DAILY CATHOLIC     TUESDAY     August 10, 1999     vol. 10, no. 149

NEWS & VIEWS
from a CATHOLIC perspective

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CULT INFLUENCES IN BRAZIL MASSES CAUSES CONTROVERSY

          RIO DE JANEIRO (CWNews.com) - At the 11th Encounter of Black Bishops and Priests in Brazil, the inclusion of some rituals from Afro-American cults in the liturgy has given rise to a heated debate on the differences between ecumenism and syncretism.

          A number of bishops-- notably including Cardinal Lucas Mereira Neves, the former Archbishop of Bahia who now serves as prefect for the Vatican's Congregation for Bishops-- have been critical of the tendency among some priests in northeastern Brazil to insert pagan rituals into the Catholic liturgy, and even to invite priests and priestesses from the traditional cults to participate in some ceremonies.

          This controversy came to a head last week during the Encounter of Black Bishops and Priests. At that meeting, held in the city of Sao Salvador in the northeastern Bahia state, organizers made inter-religious dialogue a central theme of their sessions, with a special emphasis on the traditional cults. The meeting included a Mass celebrated at the Church of Our Lady of the Rosary in Pelourinho, a church adorned with African ornaments; the Mass was preceded by a "procession" that visited the city's most noteworthy temples of the African cults.

          At two stops on that procession, the participating priests asked for and received a "blessing" from the pagan priests and priestesses. One Catholic participant, Father Clovis Cabral, SJ, commented that it was "very nice" for a particular priestess to receive the Catholic clergy, and said the visit was a way to repay "the debt that the Catholic Church owes to the black people."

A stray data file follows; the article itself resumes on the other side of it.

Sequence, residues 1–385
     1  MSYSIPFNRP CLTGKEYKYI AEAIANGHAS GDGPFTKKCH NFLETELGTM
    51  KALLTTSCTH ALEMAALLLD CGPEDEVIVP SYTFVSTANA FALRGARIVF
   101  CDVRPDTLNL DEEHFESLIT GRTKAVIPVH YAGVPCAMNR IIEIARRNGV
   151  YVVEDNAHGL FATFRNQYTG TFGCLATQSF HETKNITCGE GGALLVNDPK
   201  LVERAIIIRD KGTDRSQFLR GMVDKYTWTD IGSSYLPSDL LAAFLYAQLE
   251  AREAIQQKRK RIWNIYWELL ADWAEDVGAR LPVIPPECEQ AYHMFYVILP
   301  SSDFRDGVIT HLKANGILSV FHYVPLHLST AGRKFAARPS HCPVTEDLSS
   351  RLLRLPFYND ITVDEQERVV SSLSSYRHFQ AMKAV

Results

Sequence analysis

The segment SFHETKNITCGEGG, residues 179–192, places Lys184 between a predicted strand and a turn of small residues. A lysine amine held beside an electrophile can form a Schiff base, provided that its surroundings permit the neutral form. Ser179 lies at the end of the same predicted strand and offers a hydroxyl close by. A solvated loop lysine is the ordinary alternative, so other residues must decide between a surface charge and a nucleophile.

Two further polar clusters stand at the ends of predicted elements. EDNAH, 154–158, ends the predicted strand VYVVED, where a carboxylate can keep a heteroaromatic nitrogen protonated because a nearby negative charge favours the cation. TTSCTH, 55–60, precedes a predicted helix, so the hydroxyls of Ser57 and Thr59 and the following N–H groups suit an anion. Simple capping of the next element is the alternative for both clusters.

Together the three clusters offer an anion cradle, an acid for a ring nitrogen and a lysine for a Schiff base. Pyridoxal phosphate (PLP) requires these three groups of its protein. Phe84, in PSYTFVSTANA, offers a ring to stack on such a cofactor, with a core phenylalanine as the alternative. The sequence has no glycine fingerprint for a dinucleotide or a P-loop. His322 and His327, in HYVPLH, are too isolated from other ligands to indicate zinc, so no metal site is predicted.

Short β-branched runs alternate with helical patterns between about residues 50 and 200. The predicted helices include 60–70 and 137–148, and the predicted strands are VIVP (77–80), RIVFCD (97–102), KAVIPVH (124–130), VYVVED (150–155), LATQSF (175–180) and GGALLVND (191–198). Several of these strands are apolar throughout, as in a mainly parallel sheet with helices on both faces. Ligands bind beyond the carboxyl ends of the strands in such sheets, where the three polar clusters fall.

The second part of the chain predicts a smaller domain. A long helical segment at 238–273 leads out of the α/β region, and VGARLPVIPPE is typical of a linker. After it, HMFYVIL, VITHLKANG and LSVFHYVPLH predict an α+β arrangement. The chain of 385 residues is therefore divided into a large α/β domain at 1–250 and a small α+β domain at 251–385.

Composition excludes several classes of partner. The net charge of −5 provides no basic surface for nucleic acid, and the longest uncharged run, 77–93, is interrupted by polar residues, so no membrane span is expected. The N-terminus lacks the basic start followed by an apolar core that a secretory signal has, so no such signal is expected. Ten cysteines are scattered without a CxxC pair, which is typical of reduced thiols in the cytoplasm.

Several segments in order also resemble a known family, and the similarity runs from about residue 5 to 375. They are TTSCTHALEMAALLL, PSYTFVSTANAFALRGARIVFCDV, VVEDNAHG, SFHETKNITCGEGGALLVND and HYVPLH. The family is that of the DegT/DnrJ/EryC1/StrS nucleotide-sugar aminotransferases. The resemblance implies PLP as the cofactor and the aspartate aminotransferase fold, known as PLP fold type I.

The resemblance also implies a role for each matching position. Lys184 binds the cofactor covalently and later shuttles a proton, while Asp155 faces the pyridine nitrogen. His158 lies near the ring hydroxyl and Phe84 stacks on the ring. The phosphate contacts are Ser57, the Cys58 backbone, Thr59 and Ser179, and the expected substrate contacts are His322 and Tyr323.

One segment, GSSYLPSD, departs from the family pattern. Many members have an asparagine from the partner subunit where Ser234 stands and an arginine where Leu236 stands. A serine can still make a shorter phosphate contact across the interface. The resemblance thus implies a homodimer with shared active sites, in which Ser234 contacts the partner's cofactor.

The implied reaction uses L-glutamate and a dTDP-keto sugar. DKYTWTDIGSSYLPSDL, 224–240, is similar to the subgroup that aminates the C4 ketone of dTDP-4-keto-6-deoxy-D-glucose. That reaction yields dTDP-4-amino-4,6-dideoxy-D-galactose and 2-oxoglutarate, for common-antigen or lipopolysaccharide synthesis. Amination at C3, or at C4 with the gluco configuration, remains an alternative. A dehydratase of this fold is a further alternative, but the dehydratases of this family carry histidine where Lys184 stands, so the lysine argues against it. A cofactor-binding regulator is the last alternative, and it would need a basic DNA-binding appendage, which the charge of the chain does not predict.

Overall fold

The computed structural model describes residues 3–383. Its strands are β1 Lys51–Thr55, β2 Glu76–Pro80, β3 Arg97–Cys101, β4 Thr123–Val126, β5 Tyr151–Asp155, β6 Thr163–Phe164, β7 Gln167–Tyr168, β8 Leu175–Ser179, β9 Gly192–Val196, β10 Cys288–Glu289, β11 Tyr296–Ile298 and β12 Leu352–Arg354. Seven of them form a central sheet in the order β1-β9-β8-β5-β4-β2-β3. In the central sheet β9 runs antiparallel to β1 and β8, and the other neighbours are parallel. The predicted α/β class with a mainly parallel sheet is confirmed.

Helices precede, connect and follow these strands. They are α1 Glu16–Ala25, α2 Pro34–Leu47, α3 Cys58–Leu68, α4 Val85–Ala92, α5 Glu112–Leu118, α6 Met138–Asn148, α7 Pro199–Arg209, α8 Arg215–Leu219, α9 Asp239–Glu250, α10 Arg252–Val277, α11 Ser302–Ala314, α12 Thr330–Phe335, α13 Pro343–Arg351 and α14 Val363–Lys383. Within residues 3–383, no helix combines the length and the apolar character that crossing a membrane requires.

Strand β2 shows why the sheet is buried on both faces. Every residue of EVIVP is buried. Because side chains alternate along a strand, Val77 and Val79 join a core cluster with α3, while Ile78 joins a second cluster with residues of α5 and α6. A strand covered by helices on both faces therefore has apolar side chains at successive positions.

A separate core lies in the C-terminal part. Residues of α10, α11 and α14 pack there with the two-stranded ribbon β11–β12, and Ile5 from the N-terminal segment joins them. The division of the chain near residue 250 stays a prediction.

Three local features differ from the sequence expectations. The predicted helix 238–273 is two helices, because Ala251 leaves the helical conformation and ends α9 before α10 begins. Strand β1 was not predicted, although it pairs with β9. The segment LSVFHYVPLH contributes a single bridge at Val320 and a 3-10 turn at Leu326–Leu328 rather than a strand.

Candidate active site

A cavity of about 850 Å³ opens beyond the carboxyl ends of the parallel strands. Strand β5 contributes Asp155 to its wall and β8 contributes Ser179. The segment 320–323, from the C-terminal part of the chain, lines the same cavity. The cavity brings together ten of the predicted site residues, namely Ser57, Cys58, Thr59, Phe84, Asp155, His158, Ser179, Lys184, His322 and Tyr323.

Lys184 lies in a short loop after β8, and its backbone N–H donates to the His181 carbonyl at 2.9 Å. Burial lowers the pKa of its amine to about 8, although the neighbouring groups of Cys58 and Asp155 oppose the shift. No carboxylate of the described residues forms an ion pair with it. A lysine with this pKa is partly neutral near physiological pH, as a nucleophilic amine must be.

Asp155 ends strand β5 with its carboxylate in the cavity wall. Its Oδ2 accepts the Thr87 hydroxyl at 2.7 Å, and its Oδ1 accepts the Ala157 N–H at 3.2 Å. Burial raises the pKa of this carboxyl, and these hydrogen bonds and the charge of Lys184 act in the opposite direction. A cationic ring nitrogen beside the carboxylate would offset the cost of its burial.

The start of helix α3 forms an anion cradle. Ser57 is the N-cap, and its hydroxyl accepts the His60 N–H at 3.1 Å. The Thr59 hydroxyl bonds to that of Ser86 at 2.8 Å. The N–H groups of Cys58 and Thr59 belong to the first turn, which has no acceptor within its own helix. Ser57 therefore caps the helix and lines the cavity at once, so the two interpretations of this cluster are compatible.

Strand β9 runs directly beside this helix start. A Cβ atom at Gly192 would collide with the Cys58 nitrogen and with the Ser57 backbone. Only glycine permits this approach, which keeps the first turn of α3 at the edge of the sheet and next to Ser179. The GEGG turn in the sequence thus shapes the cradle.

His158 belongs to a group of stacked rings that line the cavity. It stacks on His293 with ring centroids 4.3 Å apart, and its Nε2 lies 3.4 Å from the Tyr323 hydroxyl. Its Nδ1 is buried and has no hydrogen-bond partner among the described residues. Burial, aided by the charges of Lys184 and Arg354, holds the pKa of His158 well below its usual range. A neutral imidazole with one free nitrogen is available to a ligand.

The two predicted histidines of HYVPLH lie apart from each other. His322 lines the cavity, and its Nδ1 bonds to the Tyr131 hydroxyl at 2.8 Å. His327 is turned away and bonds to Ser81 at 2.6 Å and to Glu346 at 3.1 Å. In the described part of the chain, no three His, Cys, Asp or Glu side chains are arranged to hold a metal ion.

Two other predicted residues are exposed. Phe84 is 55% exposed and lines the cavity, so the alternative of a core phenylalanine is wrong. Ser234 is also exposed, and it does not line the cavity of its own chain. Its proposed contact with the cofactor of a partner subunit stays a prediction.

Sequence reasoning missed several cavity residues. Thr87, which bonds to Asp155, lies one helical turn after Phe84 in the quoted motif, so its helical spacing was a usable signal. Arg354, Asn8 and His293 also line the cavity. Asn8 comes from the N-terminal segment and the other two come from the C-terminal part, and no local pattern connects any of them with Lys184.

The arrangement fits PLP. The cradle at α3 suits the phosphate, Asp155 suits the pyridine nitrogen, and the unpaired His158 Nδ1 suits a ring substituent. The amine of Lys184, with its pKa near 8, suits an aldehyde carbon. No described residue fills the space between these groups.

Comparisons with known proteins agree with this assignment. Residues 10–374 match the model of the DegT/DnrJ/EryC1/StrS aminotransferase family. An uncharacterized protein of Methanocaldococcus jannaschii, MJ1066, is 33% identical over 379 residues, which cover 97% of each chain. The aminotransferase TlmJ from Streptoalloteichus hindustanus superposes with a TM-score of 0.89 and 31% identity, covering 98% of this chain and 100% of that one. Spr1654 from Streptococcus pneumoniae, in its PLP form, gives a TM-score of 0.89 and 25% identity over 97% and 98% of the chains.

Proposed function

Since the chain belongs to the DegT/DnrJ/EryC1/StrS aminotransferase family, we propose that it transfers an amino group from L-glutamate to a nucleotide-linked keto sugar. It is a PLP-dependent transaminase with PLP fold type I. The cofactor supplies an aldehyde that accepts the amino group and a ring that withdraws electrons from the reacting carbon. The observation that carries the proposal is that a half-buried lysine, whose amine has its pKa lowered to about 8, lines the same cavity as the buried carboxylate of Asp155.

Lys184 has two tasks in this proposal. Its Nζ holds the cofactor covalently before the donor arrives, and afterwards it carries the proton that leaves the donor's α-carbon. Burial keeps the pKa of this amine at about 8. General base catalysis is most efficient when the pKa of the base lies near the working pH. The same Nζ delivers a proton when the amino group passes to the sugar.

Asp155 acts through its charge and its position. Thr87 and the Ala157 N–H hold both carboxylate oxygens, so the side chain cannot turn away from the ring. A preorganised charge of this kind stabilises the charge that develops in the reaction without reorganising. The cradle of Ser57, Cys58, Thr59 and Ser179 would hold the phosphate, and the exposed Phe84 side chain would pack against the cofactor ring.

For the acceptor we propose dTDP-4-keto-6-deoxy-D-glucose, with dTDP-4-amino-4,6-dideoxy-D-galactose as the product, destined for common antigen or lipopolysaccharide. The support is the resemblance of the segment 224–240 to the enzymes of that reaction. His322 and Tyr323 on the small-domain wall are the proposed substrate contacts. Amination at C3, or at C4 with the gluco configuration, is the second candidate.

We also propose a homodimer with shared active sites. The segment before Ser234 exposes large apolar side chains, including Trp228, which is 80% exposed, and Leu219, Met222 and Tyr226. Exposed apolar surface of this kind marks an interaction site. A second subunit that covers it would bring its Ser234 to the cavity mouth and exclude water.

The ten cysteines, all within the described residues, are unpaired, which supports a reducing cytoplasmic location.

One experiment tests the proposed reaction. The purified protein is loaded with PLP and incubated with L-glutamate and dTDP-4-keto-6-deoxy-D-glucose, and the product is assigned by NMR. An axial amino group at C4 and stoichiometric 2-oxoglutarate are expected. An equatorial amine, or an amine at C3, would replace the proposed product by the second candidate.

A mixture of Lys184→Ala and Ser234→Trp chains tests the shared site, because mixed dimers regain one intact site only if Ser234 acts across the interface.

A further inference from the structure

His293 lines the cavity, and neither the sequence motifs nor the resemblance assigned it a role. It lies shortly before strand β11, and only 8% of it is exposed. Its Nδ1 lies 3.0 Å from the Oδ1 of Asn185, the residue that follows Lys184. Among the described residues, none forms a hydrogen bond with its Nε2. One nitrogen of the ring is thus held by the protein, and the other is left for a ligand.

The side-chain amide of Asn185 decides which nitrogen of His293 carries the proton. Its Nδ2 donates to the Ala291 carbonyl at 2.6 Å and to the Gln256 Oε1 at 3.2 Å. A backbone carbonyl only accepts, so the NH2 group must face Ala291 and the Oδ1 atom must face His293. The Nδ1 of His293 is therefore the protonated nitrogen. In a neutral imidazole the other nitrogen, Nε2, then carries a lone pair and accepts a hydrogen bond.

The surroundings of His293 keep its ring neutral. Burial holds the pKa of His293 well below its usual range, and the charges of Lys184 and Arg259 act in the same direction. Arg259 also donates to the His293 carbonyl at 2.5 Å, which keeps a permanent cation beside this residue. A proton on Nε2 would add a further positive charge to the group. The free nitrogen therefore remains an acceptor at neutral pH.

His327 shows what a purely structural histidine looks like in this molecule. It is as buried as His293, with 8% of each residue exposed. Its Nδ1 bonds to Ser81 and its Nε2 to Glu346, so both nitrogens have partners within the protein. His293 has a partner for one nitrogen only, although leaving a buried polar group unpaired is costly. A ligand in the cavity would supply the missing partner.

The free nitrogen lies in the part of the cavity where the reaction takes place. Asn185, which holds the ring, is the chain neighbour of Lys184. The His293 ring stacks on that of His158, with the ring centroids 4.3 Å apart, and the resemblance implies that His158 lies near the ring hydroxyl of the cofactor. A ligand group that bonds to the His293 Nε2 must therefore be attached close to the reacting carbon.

But other Catholics in Bahia took a very different view of the ceremony, and hundreds gathered at the Church of Our Lady of Sorrows for a Mass of reparation. Father Dominique Mathon, the pastor who presided at the Mass of reparation, remarked: "To engage in dialogue is all very well, but to seek a blessing from a pagan priestess goes too far." The French-born priest said that, in light of the demonic influences within the traditional religions, the Catholic priests who participated in the "procession" had "given a terrible witness" for the Catholic faith.

          The controversy continued still further when some of the priests participating in the Sao Salvador meeting charged that Father Mathon was promoting racism by denigrating the traditional African cults. They brought formal legal charges of racial and religious discrimination against the French priest.


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August 10, 1999       volume 10, no. 149
NEWS & VIEWS

DAILY CATHOLIC

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